private FileChooser fileChooser;

When we click the load button we have to set the initial directory of the FC and open the dialog. The FC will return the selected file:

File file = new File("./resources/");
file = this.fileChooser.showOpenDialog(this.main.getStage());

Once we’ve loaded the file we have to make sure that it’s going to be in grayscale and display the image into the image view:

this.image = Imgcodecs.imread(file.getAbsolutePath(), Imgcodecs.CV_LOAD_IMAGE_GRAYSCALE);

Applying the DFT

First of all expand the image to an optimal size. The performance of a DFT is dependent of the image size. It tends to be the fastest for image sizes that are multiple of the numbers two, three and five. Therefore, to achieve maximal performance it is generally a good idea to pad border values to the image to get a size with such traits. The getOptimalDFTSize() returns this optimal size and we can use the copyMakeBorder() function to expand the borders of an image:

int addPixelRows = Core.getOptimalDFTSize(image.rows());
int addPixelCols = Core.getOptimalDFTSize(image.cols());
Core.copyMakeBorder(image, padded, 0, addPixelRows - image.rows(), 0, addPixelCols - image.cols(),Imgproc.BORDER_CONSTANT, Scalar.all(0));

The appended pixels are initialized with zeros.

The result of the DFT is complex so we have to make place for both the complex and the real values. We store these usually at least in a float format. Therefore we’ll convert our input image to this type and expand it with another channel to hold the complex values:

padded.convertTo(padded, CvType.CV_32F);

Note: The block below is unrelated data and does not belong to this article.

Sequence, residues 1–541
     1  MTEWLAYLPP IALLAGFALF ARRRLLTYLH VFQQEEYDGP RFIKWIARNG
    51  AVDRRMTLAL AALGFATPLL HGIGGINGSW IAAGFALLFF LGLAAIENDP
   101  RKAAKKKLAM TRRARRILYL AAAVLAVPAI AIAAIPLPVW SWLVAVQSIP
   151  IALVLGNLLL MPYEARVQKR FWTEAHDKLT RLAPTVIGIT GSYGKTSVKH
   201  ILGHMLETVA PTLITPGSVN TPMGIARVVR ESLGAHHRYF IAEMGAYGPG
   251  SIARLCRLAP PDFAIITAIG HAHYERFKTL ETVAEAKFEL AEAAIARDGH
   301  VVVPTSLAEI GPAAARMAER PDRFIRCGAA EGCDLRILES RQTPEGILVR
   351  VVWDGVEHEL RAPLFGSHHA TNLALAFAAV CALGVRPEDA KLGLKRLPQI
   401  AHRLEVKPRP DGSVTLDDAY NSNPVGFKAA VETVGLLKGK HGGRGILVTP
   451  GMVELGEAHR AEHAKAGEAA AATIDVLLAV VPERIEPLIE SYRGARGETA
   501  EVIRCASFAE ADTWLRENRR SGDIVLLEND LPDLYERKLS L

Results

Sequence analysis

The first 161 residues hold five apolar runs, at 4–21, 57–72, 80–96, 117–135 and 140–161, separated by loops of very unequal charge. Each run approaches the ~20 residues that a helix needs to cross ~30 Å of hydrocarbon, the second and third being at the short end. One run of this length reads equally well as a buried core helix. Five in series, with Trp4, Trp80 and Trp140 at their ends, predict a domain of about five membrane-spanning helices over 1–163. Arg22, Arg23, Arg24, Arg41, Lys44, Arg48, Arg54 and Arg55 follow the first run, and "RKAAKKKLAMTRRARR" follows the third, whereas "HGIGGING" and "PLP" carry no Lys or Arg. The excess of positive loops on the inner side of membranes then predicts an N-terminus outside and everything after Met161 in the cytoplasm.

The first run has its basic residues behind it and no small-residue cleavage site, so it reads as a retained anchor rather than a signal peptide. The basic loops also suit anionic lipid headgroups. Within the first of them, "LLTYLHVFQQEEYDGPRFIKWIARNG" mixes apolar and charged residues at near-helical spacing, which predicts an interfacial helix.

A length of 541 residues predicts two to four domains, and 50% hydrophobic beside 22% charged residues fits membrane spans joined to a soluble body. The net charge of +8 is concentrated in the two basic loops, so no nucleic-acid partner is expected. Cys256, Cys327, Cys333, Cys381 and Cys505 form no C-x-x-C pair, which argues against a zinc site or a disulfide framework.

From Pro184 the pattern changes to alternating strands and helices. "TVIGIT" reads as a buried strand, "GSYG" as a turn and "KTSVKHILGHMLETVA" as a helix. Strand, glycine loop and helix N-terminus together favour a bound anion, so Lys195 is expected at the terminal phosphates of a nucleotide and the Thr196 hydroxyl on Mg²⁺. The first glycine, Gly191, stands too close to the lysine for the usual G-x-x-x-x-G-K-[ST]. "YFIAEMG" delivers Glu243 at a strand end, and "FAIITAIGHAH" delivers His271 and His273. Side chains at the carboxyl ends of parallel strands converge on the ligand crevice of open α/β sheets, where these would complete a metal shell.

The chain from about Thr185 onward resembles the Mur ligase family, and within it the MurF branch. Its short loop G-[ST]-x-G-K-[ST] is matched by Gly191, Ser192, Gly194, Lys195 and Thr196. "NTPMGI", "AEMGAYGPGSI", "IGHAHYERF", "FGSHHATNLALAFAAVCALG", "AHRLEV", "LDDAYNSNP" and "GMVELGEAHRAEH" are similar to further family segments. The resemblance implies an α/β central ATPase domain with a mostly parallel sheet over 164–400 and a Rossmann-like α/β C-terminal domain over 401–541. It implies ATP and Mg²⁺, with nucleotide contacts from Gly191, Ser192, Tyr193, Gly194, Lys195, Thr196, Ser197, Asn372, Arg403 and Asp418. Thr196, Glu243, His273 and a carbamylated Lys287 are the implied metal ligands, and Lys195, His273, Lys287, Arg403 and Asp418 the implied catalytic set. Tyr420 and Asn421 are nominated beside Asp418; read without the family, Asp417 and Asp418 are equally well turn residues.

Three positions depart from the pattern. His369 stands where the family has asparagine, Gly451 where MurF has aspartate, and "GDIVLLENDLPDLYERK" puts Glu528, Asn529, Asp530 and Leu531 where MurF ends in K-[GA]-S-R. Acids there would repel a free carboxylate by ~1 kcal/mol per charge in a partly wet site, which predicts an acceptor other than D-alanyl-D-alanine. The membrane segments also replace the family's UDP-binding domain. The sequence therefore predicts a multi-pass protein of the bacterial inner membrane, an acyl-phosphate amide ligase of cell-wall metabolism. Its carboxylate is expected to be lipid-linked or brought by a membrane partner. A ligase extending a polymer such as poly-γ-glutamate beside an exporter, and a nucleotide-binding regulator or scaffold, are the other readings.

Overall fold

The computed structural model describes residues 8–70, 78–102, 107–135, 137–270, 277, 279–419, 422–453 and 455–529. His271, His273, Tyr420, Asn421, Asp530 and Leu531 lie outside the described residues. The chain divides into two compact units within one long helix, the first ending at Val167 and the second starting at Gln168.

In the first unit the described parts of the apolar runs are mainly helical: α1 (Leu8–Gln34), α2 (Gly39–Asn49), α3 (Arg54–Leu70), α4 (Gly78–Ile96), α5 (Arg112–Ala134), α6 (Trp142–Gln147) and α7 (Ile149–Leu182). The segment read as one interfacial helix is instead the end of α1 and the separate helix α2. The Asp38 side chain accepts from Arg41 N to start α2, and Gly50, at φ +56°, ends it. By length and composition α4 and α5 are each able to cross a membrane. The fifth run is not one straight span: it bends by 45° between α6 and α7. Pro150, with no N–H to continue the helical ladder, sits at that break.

this.planes.add(Mat.zeros(padded.size(), CvType.CV_32F));
Core.merge(this.planes, this.complexImage);

Now we can apply the DFT and then get the real and the imaginary part from the complex image:

Core.dft(this.complexImage, this.complexImage);
Core.split(complexImage, newPlanes);
Core.magnitude(newPlanes.get(0), newPlanes.get(1), mag);

Unfortunately the dynamic range of the Fourier coefficients is too large to be displayed on the screen. To use the gray scale values for visualization we can transform our linear scale to a logarithmic one:

Core.add(Mat.ones(mag.size(), CVType.CV_32F), mag);
Core.log(mag, mag);

Remember, that at the first step, we expanded the image? Well, it’s time to throw away the newly introduced values. For visualization purposes we may also rearrange the quadrants of the result, so that the origin (zero, zero) corresponds with the image center:

image = image.submat(new Rect(0, 0, image.cols() & -2, image.rows() & -2));
int cx = image.cols() / 2;
int cy = image.rows() / 2;

Mat q0 = new Mat(image, new Rect(0, 0, cx, cy));